Inverary: A Tale of Three Techniques

In August I called in on an old friend in Inverary for a small guided tour around the local forests with camera in hand.

There was one particular photo I had in mind – ever since I first saw an old ruined barn with disused farm machinery, it was crying-out for the bokeh-panorama (aka Brenizer) technique – instead of one straight shot composed with the final focal-length in mind, one uses a longer lens (preferably a fast prime) and stitches the results into a panorama, to give an image with narrower DoF than was possible at the focal length in question.

Here’s the straight scene, taken on the Fuji X-H1 on the 16-50mm f/2.8 at 18mm – even wide open there’s no significant blurring in the background.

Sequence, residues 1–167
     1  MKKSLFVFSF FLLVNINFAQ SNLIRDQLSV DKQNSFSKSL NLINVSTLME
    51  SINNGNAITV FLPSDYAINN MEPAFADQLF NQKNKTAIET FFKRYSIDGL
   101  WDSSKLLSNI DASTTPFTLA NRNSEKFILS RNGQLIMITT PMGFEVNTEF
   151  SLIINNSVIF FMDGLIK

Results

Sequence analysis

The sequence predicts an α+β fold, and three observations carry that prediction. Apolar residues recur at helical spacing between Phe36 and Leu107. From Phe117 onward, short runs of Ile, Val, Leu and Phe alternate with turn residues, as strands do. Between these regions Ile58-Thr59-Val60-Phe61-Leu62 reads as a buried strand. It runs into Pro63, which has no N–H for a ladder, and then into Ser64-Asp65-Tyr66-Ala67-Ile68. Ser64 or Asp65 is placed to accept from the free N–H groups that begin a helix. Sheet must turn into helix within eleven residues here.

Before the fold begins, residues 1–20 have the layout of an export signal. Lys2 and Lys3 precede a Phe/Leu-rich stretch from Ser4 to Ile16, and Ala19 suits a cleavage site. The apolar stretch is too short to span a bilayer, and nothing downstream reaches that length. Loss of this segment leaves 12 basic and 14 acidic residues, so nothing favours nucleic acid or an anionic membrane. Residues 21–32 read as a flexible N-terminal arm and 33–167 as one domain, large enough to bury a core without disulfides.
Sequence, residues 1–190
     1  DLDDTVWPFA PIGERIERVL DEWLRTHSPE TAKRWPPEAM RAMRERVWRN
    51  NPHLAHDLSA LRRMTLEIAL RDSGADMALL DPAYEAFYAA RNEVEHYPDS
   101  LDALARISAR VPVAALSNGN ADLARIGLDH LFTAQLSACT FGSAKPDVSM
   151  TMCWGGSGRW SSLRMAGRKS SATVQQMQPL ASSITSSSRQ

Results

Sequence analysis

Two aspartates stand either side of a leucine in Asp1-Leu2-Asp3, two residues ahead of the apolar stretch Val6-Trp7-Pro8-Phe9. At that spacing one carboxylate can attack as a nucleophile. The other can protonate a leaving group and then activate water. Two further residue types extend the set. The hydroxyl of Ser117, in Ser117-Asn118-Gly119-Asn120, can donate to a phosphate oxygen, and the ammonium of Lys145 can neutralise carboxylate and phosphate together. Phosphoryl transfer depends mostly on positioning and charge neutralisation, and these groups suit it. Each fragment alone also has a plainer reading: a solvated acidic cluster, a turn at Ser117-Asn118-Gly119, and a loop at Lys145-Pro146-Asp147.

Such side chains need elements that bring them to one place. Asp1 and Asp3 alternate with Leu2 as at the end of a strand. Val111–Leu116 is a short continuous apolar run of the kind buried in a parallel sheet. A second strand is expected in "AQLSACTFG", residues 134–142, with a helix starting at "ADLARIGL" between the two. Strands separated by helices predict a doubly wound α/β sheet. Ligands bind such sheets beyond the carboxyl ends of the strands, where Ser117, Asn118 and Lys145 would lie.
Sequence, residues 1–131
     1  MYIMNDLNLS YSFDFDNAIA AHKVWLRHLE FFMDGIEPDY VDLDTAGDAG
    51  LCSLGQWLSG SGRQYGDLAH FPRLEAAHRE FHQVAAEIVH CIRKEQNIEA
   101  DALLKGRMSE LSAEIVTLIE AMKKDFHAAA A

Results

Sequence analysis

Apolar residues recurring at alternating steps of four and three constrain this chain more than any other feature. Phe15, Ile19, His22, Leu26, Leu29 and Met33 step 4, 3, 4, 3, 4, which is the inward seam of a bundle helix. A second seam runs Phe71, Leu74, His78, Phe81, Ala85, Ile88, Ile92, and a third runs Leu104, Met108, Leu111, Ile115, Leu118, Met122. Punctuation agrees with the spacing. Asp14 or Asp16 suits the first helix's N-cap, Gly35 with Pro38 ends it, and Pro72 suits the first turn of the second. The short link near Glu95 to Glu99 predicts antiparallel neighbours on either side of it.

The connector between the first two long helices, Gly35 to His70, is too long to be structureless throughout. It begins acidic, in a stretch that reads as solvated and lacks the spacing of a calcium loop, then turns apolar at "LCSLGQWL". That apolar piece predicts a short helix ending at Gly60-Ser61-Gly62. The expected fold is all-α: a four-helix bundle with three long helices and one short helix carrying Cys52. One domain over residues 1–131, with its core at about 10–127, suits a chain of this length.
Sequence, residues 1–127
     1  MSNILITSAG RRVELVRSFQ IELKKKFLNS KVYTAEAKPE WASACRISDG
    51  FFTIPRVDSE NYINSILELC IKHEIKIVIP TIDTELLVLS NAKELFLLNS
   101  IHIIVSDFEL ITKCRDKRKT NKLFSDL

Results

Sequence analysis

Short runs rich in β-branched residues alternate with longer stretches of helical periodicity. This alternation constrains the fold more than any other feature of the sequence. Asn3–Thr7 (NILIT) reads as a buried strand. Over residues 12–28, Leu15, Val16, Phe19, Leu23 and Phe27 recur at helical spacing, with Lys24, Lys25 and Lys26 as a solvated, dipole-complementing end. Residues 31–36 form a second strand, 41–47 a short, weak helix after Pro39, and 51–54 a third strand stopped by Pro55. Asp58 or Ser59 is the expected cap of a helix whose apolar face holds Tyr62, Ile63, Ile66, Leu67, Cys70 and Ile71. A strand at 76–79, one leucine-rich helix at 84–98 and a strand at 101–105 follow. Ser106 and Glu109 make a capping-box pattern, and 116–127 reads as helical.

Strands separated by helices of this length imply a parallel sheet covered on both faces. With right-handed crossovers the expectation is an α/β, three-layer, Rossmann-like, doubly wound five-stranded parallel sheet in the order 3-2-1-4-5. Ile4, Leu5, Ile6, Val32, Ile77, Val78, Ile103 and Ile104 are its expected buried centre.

So here’s the stitched result, taken using a Helios 56mm f/2 wide open – drastic focus drop-off:

It took 100 frames at source – 2.4Gpx – but the result would be the equivalent of an 18mm lens at f/0.6. 

The second technique was keystone/perspective adjustment. On seeing a stone waterworks in the woods, my friend challenged me to get a view of it straight-on without using the drone. That’s simple enough – even though it’s several feet above head-height.

The third technique was simple long exposure: night had long fallen before I left the town but the clouds moving across Loch Fyne/Shira looked pleasantly ominous. Keeping base ISO, f/6.4 gave a 7s base exposure – with HDR 5*±2/3EV this became 7+18+30+27+10 = 92s combined total, retaining exposure from brightest point of clouds into shadowy areas in the mountainsides. (Contrast is not just a daytime problem!)

Several long exposures blended together into an HDR image of clouds and smooth water, Loch Shira from Inverary.